|Title||Effects of harvester ant (Messor spp.) activity on soil properties and microbial communities in a Negev Desert ecosystem|
|Publication Type||Journal Article|
|Year of Publication||2008|
|Authors||Ginzburg O., Whitford WG, Steinberger Y|
|Journal||Biology and Fertility of Soils|
|ARIS Log Number||236096|
|Keywords||ants, desert system, diversity, Harvester ants, microbial biomass, Negev Desert, soil moisture, soil organic mater|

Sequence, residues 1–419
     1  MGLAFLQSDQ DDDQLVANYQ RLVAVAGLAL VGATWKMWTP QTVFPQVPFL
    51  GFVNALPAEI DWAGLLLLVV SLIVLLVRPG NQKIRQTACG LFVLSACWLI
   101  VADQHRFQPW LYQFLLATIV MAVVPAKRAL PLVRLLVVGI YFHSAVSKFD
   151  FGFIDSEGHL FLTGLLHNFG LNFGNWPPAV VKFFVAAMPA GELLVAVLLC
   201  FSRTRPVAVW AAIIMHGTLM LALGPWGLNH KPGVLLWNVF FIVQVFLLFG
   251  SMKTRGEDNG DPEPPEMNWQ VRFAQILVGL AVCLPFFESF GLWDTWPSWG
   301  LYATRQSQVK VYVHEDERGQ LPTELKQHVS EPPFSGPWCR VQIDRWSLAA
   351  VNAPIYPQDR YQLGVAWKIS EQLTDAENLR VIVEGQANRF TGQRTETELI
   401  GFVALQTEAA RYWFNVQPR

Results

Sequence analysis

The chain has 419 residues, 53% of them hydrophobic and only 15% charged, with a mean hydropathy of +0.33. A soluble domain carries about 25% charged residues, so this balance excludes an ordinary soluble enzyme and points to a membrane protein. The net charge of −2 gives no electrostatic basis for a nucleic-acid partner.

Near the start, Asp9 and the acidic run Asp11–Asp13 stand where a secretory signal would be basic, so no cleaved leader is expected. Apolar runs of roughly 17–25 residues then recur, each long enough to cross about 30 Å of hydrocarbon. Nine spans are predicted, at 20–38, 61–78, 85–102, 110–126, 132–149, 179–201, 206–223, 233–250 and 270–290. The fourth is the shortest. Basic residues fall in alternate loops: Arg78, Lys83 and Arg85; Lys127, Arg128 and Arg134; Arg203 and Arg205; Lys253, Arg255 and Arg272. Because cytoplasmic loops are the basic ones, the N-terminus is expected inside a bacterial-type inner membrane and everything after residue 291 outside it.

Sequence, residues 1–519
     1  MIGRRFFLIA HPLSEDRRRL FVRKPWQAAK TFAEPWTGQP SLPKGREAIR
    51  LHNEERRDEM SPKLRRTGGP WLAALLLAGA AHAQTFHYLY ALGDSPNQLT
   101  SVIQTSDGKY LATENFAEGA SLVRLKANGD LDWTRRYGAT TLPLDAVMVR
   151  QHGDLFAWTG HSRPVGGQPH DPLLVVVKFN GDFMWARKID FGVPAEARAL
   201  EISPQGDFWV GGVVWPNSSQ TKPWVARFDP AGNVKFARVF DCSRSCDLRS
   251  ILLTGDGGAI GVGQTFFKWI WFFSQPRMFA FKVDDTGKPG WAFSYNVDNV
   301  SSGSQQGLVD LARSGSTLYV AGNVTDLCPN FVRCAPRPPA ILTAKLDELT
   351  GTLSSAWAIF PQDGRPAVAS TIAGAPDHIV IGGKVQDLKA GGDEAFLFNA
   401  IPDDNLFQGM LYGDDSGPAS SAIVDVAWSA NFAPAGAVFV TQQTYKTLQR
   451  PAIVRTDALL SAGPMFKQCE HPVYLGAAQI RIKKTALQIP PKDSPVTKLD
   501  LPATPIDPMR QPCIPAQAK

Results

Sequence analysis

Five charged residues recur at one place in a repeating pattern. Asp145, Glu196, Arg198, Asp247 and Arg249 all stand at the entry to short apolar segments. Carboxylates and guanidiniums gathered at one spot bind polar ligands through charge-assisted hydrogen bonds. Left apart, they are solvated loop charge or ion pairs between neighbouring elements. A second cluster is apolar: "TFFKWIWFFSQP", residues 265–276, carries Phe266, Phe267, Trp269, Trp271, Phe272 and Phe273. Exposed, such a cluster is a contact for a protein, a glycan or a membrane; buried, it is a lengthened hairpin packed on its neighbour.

Harvester ants (Messor spp.) function as an essential link between aboveground resources and belowground biota such as the microbial community. We examine changes in soil microbial biomass and functional diversity resulting from harvester ant (Messor spp.) activity in the Negev Desert, Israel. Abiotic and biotic soil parameters were recorded during two seasons – wet and dry – also representing food availability periods for the ants (low and high seed availability, respectively). Soil samples were collected monthly from the 0- to 10- and 10- to 20-cm soil layers: (1) near the nest entrance, (2) under chaff piles, and (3) at a 2-m radius from the nest entrance (control). Harvester ant activity increased the percentage of organic matter, total soluble nitrogen, and microbial activity in nest-modified soils in comparison to the control soils. Higher CO2 evolution was recorded in the low-seed season in ant nest soils than in the control soils. During the high-seed season, higher carbon dioxide evolution was recorded only at the nest entrance locations. There were no differences in microbial biomass between the low- and high-seed seasons, but highest microbial biomass was found under chaff in low-seed season and in nest soils in high-seed season. Microbial function diversity was higher in nest-modified soils than in the control soils. This study suggests that the effect of harvester ant nests on soil fertility is due to increased microbial biomass and microbial activity in ant nest-modified soils.